• 1st tier of shareholding in Shincorp consists of Cedar and Aspen;
  • 2nd tier of shareholding in Cedar consists of Kularb Kaew, Siam Commercial Bank Public Company Limited and Cypress; and
  • 3rd tier of shareholding in Kularb Kaew consists of Cypress, Mr. Pong Sarasin, Mr. Suphadej Poonpipat and Mr. Surin Upatkoon.

The accusation that Temasek took over Shincorp using nominees has focused on the 2nd and 3rd tiers of shareholdings, that is Kularb Kaew, in which two Thai shareholders (i.e., Mr. Pong and Mr. Suphadej) may be nominees of Temasek. The use of this structure, is that Kularb Kaew is a Thai entity and so are Cedar and Shincorp, respectively.

According to public records, Kularb Kaew increased its capital twice since its establishment in January 2006. Firstly on 15 February 2006, Mr. Pong and Mr. Suphadej together held 51% of the preference shares and Cypress held 49% of the ordinary shares. Secondly on 13 March 2006, neither of them subscribed to newly issued shares, but Mr. Surin did. Thus, Mr. Pong’s and Mr. Suphadej’s shares were diluted to 2.1% of ordinary shares, and Cypress’ shares were diluted to 29.9% of ordinary shares while Mr. Surin held 68% of ordinary shares.

The shares in Kularb Kaew were classified into ordinary and preference shares, with different voting rights, dividends and capital return entitlements, as follows:

  • Preference shareholders have 1 vote for 10 shares held, while ordinary shareholders have 1 vote for 1 share held;
  • Preference shareholders are entitled to receive dividends before ordinary shareholders at the fixed rate of 3%;
  • Preference shareholders are entitled to receive capital returns upon liquidation of the company not more than the proportion of capital investment.

The investigation of the Business Development Department, Ministry of Commerce (the Department) examined whether Kularb Kaew was a Temasek nominee that, together with Thai investors, owned 96% of Shincorp. The Department found that Temasek helped Mr. Pong and Mr. Suphadej buy Kularb Kaew shares. Based on documents from Siam Commercial Bank, where the transaction between Kularb Kaew, Cedar and Cypress took place, the Department found that money paid to Cypress, money from Cypress to Kularb Kaew, Cypress’ transfers to back Mr. Suphadej’s loan and Cypress’ payments for shares in Cedar, all originated from Fullerton Private, a unit of Temasek. In addition, when examining the articles of association of Kularb Kaew, the Department took the view that it does not make any sense from a commercial perspective, for the Thai investors (i.e. Mr. Pong and Mr. Suphadej) who actually owned the majority shares to agree to accept less voting rights and dividends than foreign shareholders. Furthermore, in relation to the management of Kularb Kaew, Cedar and Cypress, Temasek nominated more directors to the board as a result of its control of voting rights. In addition, the authorised signatories for the bank accounts of Kularb Kaew, Cedar and Cypress are all foreigners designated by Temasek.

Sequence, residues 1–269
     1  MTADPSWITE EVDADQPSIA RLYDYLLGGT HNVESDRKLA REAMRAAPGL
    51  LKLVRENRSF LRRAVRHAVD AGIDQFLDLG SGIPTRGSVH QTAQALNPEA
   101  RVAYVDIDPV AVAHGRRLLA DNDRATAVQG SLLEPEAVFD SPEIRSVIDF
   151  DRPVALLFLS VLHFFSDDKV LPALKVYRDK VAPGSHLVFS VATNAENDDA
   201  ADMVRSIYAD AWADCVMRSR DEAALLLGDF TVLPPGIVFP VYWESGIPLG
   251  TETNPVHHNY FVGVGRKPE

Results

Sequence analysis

Consequences of the Investigation

In October 2006, the Department concluded its investigation, finding that Kularb Kaew was a nominee of Temasek and in breach of the FBA. The case was handed over to the police for further action. Currently, the case is being investigated by the Department of Special Investigation, National Police Office.

If Kularb Kaew was a nominee of Temasek as alleged by the Department, Kularb Kaew would be considered a foreign entity1, and therefore, Cedar and Shincorp would also be foreign entities as well. If Shincorp was a foreign entity, this would affect its investments in the various subsidiaries, such as AIS, SATELL, ITV, etc., which are operating restricted businesses under the FBA and this would also be a breach of the relevant concession contracts. In such circumstances, the relevant authorities could revoke and terminate the concessions.

In addition, if the relevant persons, e.g., the Thai shareholders and the foreign shareholders are found guilty by the Department, this could result in criminal charges and punishment, i.e. imprisonment not exceeding 3 years or a fine from Baht 100,000 to Baht 1,000,000, or both and even possible dissolution of the company.2


Proposed Amendment to the FBA

On 9 January 2007, the Cabinet approved in principle the draft amendment to the FBA proposed by the Ministry of Commerce. The approved draft will be passed to the Office of the State Council for review before consideration by the National Legislative Assembly. In brief, the major changes of the draft amendment to the FBA are summarised as follows: